Red like rogueses.
This needs iteration.
That's the single biggest thing that strikes me as I try Crimson Keep. Features, controls, bugs, assets, storytelling, everything needs to be worked on a few more times.
But, okay, that's a bit cruel of me. Let's look at what we've got first before we chew into it.
Crimson Keep is a first-person, dungeon-exploring roguelike. At the start of every run, you pick one of three classes: Physical-focused Berserker, magic-focused Witch, and kind of shitty Drifter.
No, really, the Drifter's whole idea is they get no skills, no level ups, and no gear except for what's in the tutorial area. They're explicitly presented as extra doomed, and while it wouldn't surprise me to learn there's some twist to them that I missed, I certainly didn't notice anything actually laid out in my time with the class.
So you've got a class. You go through the tutorial area, drop down into the caves, and begin your quest. find items, level up, gather skills, and above all, survive.
This being a roguelike, you won't be doing a lot of the surviving part. Mostly you'll be doing the other thing, the dying. And this is a full on roguelike, where death just straight up knocks you back to the title screen for another go. No saving things for the next go here.
Now, such a setup does make my job a bit...tricky. For instance, enemy variety. All I saw were, oh, five or so different enemies...But it's entirely possible that I would see entirely different ones if I were to make it to a later area. Without the capacity to grind through, it's difficult for me to say.
The same also applies to locations. While I was able to give a decent few goes, and see some variety in the layout of the Caves area...I can't exactly say whether there's, I don't know, a Forest area somewhere past that, or if it's just all Caves with skeletons and imps the whole time.
But that feeds us into problems. Of which, well, there's a lot. And they all stem from that same lack of iteration.
Those enemies, they all have super simplistic AI that just attacks whenever you do, or when close enough to you. I once used a poison power, and actually saw the enemy just keep stopping and swinging every time the damage over time kicked on.
And speaking of attacking, it stops you square on the spot when you do, and the hit detection is wobbly at best, seeming to ignore the entire swing animation to just go directly for the center of the screen...I think? It's legitimately hard to tell what parts of my swing actually count.
One, they use a flat rate. Tug the stick a tiny bit, halfway, or all the way, they're all the same speed of movement.
Two, they have, as far as I can tell, zero deadzone. I can get a reaction out of the game with less tug on the stick than even the Switch OS's controller test acknowledges.
Either of these aren't great, but together they're a recipe for trouble, especially on the Switch. Anyone who's been a fan of the system for a while has likely run into the problem that the Joy Con sticks are very sensitive to dust and debris getting into their mechanism, causing drift and sluggish response. On most games, the analog response means that a lot of this sorts itself out, until it gets bad enough that you need to blow the mech clean with some canned air.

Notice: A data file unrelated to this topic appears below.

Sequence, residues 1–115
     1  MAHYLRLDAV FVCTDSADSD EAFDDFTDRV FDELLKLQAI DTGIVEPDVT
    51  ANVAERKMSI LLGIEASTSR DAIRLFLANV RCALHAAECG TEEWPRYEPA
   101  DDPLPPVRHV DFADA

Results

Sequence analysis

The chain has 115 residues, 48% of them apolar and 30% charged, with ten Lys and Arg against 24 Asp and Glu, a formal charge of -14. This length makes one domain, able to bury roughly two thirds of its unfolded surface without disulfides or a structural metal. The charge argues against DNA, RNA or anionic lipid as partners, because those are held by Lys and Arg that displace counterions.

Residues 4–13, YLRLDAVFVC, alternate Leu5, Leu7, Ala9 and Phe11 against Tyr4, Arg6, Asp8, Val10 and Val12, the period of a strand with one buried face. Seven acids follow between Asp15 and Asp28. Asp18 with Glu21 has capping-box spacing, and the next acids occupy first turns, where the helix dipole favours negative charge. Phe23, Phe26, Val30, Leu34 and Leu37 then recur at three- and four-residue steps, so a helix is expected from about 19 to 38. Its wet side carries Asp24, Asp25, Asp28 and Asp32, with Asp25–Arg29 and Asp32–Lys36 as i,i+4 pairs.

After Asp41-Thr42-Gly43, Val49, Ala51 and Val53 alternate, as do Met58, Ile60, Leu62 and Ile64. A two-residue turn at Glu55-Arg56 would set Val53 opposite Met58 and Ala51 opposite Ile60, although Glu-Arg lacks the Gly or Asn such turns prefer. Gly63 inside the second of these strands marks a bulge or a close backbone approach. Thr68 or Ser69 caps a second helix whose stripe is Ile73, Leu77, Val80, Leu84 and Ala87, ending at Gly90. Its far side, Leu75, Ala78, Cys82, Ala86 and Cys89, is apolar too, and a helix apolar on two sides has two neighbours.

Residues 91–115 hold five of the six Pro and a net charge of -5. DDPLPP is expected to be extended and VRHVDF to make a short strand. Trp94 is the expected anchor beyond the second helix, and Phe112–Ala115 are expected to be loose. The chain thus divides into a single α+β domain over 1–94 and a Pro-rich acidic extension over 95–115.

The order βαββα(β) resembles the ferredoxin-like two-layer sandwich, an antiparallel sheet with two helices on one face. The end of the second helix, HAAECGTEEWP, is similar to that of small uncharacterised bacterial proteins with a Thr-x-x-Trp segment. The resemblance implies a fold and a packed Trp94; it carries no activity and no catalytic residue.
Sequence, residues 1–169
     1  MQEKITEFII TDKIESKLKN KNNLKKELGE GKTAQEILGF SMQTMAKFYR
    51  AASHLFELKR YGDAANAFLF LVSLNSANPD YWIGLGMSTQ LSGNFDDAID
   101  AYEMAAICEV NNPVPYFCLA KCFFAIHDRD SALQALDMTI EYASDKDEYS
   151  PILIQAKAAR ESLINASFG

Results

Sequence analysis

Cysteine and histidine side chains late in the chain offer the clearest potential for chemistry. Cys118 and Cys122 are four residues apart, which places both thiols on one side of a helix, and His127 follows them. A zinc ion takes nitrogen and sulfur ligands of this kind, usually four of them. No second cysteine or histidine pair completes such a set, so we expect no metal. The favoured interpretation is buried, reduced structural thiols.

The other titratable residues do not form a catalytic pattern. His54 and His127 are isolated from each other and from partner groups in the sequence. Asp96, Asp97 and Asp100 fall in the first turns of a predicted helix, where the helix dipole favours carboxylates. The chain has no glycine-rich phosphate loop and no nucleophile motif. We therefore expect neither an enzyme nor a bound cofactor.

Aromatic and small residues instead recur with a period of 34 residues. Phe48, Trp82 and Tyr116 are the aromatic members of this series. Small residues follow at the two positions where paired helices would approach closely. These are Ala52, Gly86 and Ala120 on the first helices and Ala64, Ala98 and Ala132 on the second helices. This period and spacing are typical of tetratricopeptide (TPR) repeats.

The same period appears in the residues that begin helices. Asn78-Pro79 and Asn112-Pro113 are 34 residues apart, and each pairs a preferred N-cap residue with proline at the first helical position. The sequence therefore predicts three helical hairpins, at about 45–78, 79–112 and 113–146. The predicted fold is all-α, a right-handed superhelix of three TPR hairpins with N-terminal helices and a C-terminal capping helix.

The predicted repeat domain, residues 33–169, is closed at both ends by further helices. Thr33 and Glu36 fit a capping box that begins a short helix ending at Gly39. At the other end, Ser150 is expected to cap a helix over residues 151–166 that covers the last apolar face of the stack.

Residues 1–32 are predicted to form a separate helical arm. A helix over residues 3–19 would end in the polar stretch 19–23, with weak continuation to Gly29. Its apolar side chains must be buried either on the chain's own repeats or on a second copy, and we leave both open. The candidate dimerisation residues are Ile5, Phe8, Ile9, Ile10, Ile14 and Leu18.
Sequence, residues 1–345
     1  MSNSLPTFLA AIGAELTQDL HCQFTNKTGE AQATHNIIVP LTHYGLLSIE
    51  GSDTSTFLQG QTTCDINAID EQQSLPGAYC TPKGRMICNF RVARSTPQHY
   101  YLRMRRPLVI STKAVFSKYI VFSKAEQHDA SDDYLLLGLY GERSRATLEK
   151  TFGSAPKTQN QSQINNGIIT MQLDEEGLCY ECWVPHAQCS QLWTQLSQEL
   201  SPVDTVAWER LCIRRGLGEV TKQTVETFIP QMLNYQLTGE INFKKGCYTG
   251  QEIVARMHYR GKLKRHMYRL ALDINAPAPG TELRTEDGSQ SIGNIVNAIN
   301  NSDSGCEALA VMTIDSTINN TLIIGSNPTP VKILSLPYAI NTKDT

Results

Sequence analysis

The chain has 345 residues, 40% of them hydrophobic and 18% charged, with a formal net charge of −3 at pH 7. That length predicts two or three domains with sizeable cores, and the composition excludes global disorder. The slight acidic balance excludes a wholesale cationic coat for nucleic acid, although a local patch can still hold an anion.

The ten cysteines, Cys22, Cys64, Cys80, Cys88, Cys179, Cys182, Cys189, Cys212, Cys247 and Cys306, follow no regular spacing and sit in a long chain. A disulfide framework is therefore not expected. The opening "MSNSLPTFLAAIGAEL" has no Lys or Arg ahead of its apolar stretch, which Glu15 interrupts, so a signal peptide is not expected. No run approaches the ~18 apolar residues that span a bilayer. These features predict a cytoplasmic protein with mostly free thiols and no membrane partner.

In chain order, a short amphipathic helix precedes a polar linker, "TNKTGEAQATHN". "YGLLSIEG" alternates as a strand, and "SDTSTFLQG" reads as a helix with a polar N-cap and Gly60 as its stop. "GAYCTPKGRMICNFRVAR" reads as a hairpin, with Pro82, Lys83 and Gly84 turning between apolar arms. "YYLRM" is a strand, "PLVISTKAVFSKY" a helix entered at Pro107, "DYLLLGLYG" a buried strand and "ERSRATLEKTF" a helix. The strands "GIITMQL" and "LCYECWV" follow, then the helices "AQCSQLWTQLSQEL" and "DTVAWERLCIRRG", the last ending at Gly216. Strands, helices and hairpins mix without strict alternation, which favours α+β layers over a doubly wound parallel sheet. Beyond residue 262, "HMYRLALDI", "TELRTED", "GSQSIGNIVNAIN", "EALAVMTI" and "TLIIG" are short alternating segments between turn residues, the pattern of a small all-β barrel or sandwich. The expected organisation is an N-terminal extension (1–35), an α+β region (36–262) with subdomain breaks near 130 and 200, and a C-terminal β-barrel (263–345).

In Crimson Keep, my freshly air-blown right stick still regularly has the tiniest bit of drift, enough to send my view skyward, despite no other game on the system that I've played having this problem.
Full disclosure and with complete acknowledgment of my lack of experience on the technicals, it feels to me like the kind of decision that happens when you do all your playtesting of a game using a keyboard and mouse, and then just leave a bunch of settings on the default when you bag up a Switch port.
I obviously could be wrong on that being what happened, but that's how it feels playing it. Like it's expecting digital controls, not the analog ones I have.
It...Actually, you know how the game feels to me?
Like a really good college project.
The focus on roguelike design, letting a relatively small amount of assets turn into a lot of game. The fact that there's no mid-game saves, because that sort of longer-term multiple-session play wasn't needed and would complicate the design. The little touches of things not quite refined, like how I can hear room tone in the relative handful of voice acting clips. Hell, the fact that the intro cut scene only plays the first time you play, with no way I found to start it up again. Or the hidden shield in the tutorial area, just tucked behind a rock without collision detection.
If this is the work of newcomer devs, then it's a really interesting first piece. There's a lot of neat ideas here: I like the fact that a lot of the Berserker and Witch unlockables actually require some degree of success with the other class, thus forcing you to differentiate on playthroughs.
It just...needs work, as a commercial product.
Which puts us in that uncomfortable position where, as much hope as I have for the folks behind this, I just can't recommend it as it is. I think a sequel, or just their next game in general, could be really interesting with more experience and time stacked up.
We're just not there, not quite yet.